Incentive vs Motive - What's the difference?

incentive | motive |


As nouns the difference between incentive and motive

is that incentive is something that motivates, rouses, or encourages while motive is an incentive to act; a reason for doing something; anything that prompted a choice of action.

As adjectives the difference between incentive and motive

is that incentive is inciting; encouraging or moving; rousing to action; stimulating while motive is causing motion; having power to move, or tending to move; as, a motive argument; motive power.

As a verb motive is

to prompt or incite by a motive or motives; to move.

Other Comparisons: What's the difference?

incentive

Noun

(en noun)
  • Something that motivates, rouses, or encourages.
  • * {{quote-magazine, date=2013-06-07, author=David Simpson
  • , volume=188, issue=26, page=36, magazine=(The Guardian Weekly) , title= Fantasy of navigation , passage=It is tempting to speculate about the incentives or compulsions that might explain why anyone would take to the skies in [the] basket [of a balloon]: perhaps out of a desire to escape the gravity of this world or to get a preview of the next; […].}}
  • A bonus or reward, often monetary, to work harder.
  • Antonyms

    * disincentive

    Derived terms

    * incentivise/incentivize, tax incentive

    Adjective

    (en adjective)
  • Inciting; encouraging or moving; rousing to action; stimulating.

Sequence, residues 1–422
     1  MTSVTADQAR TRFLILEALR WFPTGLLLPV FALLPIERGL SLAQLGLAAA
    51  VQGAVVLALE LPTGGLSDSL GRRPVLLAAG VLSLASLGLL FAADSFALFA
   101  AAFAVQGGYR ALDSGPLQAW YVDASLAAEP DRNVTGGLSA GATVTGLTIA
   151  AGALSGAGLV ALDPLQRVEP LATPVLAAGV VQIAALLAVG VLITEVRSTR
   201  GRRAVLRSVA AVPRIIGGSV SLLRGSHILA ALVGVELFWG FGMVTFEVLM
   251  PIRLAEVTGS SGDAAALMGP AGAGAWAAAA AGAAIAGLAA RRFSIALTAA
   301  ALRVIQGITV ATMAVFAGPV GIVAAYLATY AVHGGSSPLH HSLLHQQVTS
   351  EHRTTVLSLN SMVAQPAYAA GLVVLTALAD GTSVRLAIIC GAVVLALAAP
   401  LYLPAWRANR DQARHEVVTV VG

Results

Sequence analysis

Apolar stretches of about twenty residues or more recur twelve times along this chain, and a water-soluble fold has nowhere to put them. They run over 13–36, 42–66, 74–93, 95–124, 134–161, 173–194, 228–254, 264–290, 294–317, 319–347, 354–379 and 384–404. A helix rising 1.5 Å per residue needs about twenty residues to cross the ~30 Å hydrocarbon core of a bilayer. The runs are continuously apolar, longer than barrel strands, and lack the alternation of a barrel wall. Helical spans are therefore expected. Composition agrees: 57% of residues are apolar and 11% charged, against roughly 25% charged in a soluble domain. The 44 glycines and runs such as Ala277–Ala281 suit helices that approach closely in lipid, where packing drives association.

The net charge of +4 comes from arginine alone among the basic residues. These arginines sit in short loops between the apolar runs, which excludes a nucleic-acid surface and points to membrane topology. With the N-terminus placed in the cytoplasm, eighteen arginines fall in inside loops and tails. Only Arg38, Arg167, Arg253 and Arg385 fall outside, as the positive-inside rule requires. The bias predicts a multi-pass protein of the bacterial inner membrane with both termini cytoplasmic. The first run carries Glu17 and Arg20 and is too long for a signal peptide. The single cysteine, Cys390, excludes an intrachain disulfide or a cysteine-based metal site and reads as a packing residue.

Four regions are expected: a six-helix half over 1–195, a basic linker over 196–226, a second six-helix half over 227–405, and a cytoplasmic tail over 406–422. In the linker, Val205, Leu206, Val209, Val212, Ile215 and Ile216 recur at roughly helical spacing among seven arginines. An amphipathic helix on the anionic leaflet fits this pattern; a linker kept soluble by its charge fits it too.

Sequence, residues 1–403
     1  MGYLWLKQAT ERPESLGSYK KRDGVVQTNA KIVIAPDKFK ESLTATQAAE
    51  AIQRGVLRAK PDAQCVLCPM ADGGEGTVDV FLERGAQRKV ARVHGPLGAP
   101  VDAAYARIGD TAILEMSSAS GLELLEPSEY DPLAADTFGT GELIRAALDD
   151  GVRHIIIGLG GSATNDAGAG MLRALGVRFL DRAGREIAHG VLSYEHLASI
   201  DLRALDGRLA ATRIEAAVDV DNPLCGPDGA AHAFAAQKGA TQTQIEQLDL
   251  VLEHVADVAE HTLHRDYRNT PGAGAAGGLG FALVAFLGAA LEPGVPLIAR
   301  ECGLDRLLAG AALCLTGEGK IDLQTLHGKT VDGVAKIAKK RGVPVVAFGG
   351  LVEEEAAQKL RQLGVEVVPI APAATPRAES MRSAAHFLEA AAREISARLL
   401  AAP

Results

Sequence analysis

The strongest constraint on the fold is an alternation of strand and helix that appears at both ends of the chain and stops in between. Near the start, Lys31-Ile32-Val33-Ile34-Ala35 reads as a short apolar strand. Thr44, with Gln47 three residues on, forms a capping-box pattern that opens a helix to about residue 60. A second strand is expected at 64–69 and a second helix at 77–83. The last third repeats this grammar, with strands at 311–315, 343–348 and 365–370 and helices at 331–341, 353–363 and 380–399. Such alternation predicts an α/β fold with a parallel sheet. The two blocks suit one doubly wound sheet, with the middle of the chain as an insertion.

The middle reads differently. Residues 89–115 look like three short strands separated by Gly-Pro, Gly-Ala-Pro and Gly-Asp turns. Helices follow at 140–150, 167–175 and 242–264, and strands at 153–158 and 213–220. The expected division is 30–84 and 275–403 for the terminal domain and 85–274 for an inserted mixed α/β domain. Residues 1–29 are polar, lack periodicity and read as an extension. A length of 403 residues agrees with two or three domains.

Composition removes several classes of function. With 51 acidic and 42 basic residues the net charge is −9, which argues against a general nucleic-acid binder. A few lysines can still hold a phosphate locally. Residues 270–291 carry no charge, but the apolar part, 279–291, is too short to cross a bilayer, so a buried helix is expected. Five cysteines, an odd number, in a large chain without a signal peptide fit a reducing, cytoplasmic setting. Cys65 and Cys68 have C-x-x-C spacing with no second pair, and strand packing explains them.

• * Dr. H. More
  • Competency is the most incentive to industry.
  • Serving to kindle or set on fire.
  • * Milton
  • Part incentive reed / Provide, pernicious with one touch of fire.

    motive

    English

    Noun

    (en noun)
  • (obsolete) An idea or communication that makes one want to act, especially from spiritual sources; a divine prompting.
  • *, III.2.1.ii:
  • *:there's something in a woman beyond all human delight; a magnetic virtue, a charming quality, an occult and powerful motive .
  • An incentive to act in a particular way; a reason or emotion that makes one want to do something; anything that prompts a choice of action.
  • * 1947 , (Malcolm Lowry), Under the Volcano :
  • Many of them at first seemed kind to him, but it turned out their motives were not entirely altruistic.
  • (obsolete, rare) A limb or other bodily organ that can move.
  • (Shakespeare)
  • (legal) Something which causes someone to want to commit a crime; a reason for criminal behaviour.
  • What would his motive be for burning down the cottage?
    No-one could understand why she had hidden the shovel; her motives were obscure at best.
  • * {{quote-book, year=1931, author=
  • , chapter=10/6, title= Death Walks in Eastrepps , passage=“Why should Eldridge commit murder?
  • (architecture, fine arts) A motif.
  • (music) A motif; a theme or subject, especially one that is central to the work or often repeated.
  • If you listen carefully, you can hear the flutes mimicking the cello motive .

    Synonyms

    * (incentive ) motivation * (creative works ) motif

    Verb

  • To prompt or incite by a motive or motives; to move.
  • Synonyms

    * motivate

    Adjective

    (-)
  • Causing motion; having power to move, or tending to move; as, a motive argument; motive power.
  • * 1658 , Sir Thomas Browne, The Garden of Cyrus , Folio Society 2007, p. 195:
  • In the motive parts of animals may be discovered mutuall proportions; not only in those of Quadrupeds, but in the thigh-bone, legge, foot-bone, and claws of Birds.
  • Relating to motion and/or to its cause
  • Synonyms

    * moving * (relating to motion) motional

    Anagrams

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